4-HBack home in Indiana I reveled in all things 4-H. It was a way to fill the long hours of summer in a very small town.

Baking yeast rolls to perfection, stitching just so, and lumbering around in an old car taking ridiculous photos under the guise of art.

Holiday placemats made, the etched glassware crafts, and on and on and on with ardent endeavor.

So attending the Orange County Fair and lingering over the children and adults’ exhibited wares had been a high point of summer ever since we moved here. A bit of roots relatability.

I particularly liked the Table Settings competition. Table SettingWe entertained often in our home, and the artful crafting of table settings with fictitious menus for fiction guests appealed to me strongly.

When I entered OC Fair competition, the theme was Mardi Gras, which was the theme of my annual February birthday party gathering.

WIthin a week of my entry, a woman of some official capacity that I didn’t recognize and don’t now recall called me at home: “Don’t you want to rethink your entry and rescind it?” She was leading me to say “Yes”, but I did not. Participation had been a longing and was now a quest.

I puzzled over the call and pressed on. I purchased new dinnerware and cutlery. I practiced novel napkin folds. I invested in starry placards and finessed a menu from various cookbooks. I fancied, dazzled, created, and schemed. I had fun, though that cryptic call nagged at me. What could have been it’s purpose?

On the appointed day, my husband helped me to carry all of the supplies to the building. The attendant of the building admonished me for having a helper and hustled him off…despite my question to her about two women who were obviously teamed to perfect a table nearby.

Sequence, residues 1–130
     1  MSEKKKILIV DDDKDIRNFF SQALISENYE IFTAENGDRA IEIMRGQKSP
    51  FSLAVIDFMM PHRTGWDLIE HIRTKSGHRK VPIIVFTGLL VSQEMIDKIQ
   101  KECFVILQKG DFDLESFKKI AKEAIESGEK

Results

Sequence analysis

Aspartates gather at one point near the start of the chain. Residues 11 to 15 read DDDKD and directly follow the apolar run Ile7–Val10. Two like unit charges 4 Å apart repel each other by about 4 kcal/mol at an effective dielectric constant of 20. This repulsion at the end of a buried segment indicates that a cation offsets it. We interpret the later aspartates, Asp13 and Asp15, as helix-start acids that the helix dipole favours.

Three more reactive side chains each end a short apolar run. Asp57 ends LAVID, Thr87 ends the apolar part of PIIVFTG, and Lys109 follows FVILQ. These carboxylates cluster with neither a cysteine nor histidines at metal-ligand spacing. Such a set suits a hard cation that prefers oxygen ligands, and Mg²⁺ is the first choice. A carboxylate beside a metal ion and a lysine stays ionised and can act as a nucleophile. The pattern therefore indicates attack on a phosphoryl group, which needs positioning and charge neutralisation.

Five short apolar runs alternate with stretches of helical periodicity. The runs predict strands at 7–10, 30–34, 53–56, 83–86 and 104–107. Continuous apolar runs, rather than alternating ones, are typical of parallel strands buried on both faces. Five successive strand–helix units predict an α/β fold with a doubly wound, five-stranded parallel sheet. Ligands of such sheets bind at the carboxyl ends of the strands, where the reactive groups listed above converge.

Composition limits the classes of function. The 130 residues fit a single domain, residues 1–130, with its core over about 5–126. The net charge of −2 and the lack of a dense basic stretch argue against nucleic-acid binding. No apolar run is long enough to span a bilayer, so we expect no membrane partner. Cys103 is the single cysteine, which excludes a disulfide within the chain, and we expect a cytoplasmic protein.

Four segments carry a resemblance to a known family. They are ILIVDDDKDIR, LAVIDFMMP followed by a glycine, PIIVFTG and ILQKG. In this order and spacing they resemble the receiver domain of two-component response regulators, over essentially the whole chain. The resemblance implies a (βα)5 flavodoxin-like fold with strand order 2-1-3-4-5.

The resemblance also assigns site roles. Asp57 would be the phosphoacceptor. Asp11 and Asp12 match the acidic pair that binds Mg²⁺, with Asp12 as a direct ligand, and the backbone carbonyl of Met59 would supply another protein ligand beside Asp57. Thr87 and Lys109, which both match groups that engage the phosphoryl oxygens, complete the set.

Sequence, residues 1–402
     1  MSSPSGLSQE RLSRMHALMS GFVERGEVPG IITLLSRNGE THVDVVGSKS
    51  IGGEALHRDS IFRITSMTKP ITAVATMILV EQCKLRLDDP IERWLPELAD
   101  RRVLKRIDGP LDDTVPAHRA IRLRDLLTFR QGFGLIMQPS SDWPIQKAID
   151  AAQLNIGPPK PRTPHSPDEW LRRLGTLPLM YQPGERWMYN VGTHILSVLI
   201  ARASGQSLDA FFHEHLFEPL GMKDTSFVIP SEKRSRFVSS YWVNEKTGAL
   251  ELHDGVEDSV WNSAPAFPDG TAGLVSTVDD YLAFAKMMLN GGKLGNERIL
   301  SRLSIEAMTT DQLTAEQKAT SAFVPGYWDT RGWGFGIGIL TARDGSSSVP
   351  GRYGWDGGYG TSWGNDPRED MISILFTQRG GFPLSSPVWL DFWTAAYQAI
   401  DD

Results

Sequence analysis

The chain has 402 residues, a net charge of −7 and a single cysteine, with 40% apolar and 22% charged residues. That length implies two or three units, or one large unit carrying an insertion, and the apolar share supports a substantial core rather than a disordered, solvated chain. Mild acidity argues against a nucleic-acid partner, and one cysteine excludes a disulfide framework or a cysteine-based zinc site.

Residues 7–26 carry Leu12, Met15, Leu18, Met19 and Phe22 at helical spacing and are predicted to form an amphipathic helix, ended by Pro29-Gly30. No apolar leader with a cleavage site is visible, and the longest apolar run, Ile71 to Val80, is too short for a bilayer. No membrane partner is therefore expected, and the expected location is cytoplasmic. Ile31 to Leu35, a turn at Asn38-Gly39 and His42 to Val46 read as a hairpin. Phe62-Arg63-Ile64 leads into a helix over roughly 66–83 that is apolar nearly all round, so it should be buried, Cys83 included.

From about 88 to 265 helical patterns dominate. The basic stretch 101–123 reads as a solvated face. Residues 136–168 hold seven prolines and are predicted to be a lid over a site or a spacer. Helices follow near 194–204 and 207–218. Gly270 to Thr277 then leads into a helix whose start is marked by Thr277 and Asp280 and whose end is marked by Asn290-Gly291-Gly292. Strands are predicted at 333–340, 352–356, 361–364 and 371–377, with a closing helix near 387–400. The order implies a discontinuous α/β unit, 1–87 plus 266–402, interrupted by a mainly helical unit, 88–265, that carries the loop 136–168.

Later when we attended the OC Fair, we held hands in anticipation as we entered the building. I perused the tables, finally locating my table setting exhibit in a corner. My heart sank as I circled among all the tables: mine was the lone exhibit without a ribbon of any color, nor comments from a judge. It was as if my table didn’t exist, my creative efforts were scorned. A sucker punch over an apparently innocuous hobby?!

And then it hit both of us. There was an ‘in-club’ of women who felt that Table Settings were their turf and, perhaps, one of their favorites hadn’t made the deadline. They wanted to include one of their own and, since I didn’t step aside, my exhibit was cut by another means.

It’s only Table Settings, not Life, but some of life’s hard lessons about inclusion, competition among women, and kindness not extended are learned when least expected.

All was not fair at the Fair.